A real vicar?
Orion was visible in the clear night sky, the hunter’s nocturnal presence will end as the spring progresses. The hint of warmth brought by earlier sunshine had quickly dissipated as darkness had fallen and there was a sharpness in the air. The bar had a welcoming warmth, a familiar face sat in front of the fire. Ordering a pint and sitting nearby, there was an exchange of greetings and a companionable silence as we stared into the flames.
“I see the old vicar is dead.”
“The man who used to visit around the parish.”
“Alwyn. I’m sorry to hear that. He must have been a good age.”
“He would call and share a glass of whisky. He didn’t worry if you never came to church. He came to you. There aren’t vicars like that, now.”
Personal experience of Alwyn confirmed exactly the way he had been described. He was a man of kindness, generosity, good humour. He would drive twenty miles to the county hospital to visit villagers who would never venture near a church service. He expected nothing in return. There was never a hidden agenda, never a feeling that he was awaiting an appropriate opportunity to make a religious point.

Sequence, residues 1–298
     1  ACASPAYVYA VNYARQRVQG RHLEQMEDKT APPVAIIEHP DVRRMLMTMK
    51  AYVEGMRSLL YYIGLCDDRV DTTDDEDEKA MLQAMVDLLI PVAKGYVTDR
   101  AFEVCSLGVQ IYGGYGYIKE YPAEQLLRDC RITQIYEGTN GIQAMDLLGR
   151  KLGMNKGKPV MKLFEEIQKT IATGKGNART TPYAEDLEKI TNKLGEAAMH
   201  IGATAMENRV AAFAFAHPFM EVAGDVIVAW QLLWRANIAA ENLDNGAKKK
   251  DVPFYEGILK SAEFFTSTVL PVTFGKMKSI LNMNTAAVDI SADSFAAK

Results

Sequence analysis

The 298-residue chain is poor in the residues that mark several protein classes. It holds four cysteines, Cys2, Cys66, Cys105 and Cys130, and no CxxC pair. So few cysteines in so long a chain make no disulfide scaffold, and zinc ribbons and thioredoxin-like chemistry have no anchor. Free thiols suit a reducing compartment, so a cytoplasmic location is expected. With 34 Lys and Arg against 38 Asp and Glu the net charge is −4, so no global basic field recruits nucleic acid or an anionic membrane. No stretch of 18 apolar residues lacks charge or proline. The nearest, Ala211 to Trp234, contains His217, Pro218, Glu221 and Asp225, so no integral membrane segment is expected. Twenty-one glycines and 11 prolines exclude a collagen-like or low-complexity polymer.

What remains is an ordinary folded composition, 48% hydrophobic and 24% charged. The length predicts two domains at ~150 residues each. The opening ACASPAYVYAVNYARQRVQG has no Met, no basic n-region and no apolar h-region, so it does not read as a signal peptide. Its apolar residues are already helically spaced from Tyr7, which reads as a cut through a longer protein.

Why was Alwyn beloved of those of no faith? The apparent answer is that he visited them, but there must be a deeper answer, why did they value his presence in their houses? His style of being a vicar has all but disappeared. Perhaps the church would say its disappearance is not a loss, people didn’t believe, nor did they come to church, even though he spent his days going around the village knocking on doors.
Perhaps the affection in which Alwyn was held was rooted in something much deeper, in an ancient, non-rational worldview. Perhaps Alwyn functioned in our village in the way that “holy” men did in primitive societies, a subconscious safeguard against those things that we might not understand, those fears within us from childhood days that we would struggle to name.
The church will have been unaware of the impact of the work of Alwyn, being fondly remembered does not appear in diocesan statistics. In days when vicars wear sweatshirts and chinos and are called things like “Dave” and “Baz,” there is no place for such people as Alwyn. In a generation, the church itself will be gone, its buildings remaining the only lasting testimony to the unreligious nature of the English.
Staring into the fire, it was hard to disagree with the man. We both knew something had been lost, even though we could not articulate what that something was.
While I’d say there are aspects of what you say, you should include simple kindness when people are in extremis. And for what it’s worth if the ‘pastoral’ bit was dropped from the visit people would be far more relaxed too.